Columnists

Hennessy's Index
A number is never just a number: Crime, punishment and politics

| August 1, 2012
Harper get tough on crime. Image: Tigana/Flickr

26

Percentage drop in Canada's crime severity index (a measure of the seriousness of crime) between 2001 and 2011. Canada's crime rate is the lowest point it's been since 1972. (Source)

1991

Year Canada's crime rate peaked. Crime has since been dropping throughout Canada for most offences, including attempted murders, major assaults, sexual assaults, robberies, break-ins and motor vehicle thefts. (Source)

1.7

Number of homicides per 100,000 population in Canada. Despite annual fluctuations, the homicide rate in Canada has declined since peaking in the mid-1970s. (Source)

7.3

That's how many times higher the rate of homicides by handguns is in the U.S. compared to Canada. (Source)

65

Percentage decrease in homicides by long guns in Canada between 2010 and 1991, the year Canada introduced stricter gun laws. (Source)

33

Number of Canadian cities where the crime severity index declined in 2011. Only Moncton reported an increase in the crime rate, up 3 per cent over the previous year. (Source)

93

Percentage of Canadians who felt satisfied with their personal safety from crime in 2009 -- similar to 2004 (94 per cent). (Source)

23

Percentage of Canadians polled in a June 2012 Nanos survey who said cracking down on gun, drug and gang crime was most important among five priorities on Prime Minister Stephen Harper's website. Nearly 40 per cent chose strengthening Canada's economic union as the top priority. (Source)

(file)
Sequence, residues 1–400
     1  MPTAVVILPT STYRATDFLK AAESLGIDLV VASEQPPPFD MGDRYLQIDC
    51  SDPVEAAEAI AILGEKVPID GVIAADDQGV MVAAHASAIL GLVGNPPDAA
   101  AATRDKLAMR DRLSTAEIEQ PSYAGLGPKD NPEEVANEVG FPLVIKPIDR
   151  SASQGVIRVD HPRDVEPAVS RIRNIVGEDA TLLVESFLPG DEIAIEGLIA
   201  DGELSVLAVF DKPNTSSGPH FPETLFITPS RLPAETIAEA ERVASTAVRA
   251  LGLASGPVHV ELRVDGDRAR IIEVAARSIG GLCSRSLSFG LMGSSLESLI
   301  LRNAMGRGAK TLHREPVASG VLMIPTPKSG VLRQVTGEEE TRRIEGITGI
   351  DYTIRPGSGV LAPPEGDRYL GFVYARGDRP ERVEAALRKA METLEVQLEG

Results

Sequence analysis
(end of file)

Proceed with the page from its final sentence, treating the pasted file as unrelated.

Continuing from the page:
30

Percentage of Canadian federal legislative bills in 2010 that were related to crime. (Source)

86.7

Percentage increase in the Correctional Service of Canada's budget expenditures since the Conservatives took office in 2005-06. (Source)

20

Percentage decrease of previous years' federal funding to Canadian youth justice programs to supervise and rehabilitate young offenders. Research shows community programs result in fewer youth re-offending. (Source, source and source)

10,600

Number of new prison spaces Canadian federal, provincial and territorial governments are in the process of creating -- with an infrastructure cost of $3.6 billion (and rising). (Source)

760

America's prison population rate (760 per 100,000 inhabitants) in 2009 -- the highest rate among OECD countries. Canada's rate (116 per 100,000 inhabitants) in 2009 was below the OECD average. (Source)

12.8

Percentage decline in Texas' crime rate between 2005-10. During that period, Texas chose to spend $300 million to beef up drug treatment programs, mental health centres, probation services and community supervision for prisoners out on parole rather than spend another $2 billion on new prisons. (Source)

The Canadian Centre for Policy Alternative's Trish Hennessy has long been a fan of Harper Magazine's one-page list of eye-popping statistics, Harper's Index. Instead of wishing for a Canadian version to magically appear, she's created her own index -- a monthly listing of numbers about Canada and its place in the world. Hennessy's Index -- A number is never just a number -- comes out at the beginning of each month.

Photo: Tigana/Flickr

Comments

it'd be nice to see if we could track white collar crimes separately... are they all managed by the police? or are there institutions that would investigate fraud for example? or say environmental damages like pipeline leaks and damages awarded for that? how would that factor in. 

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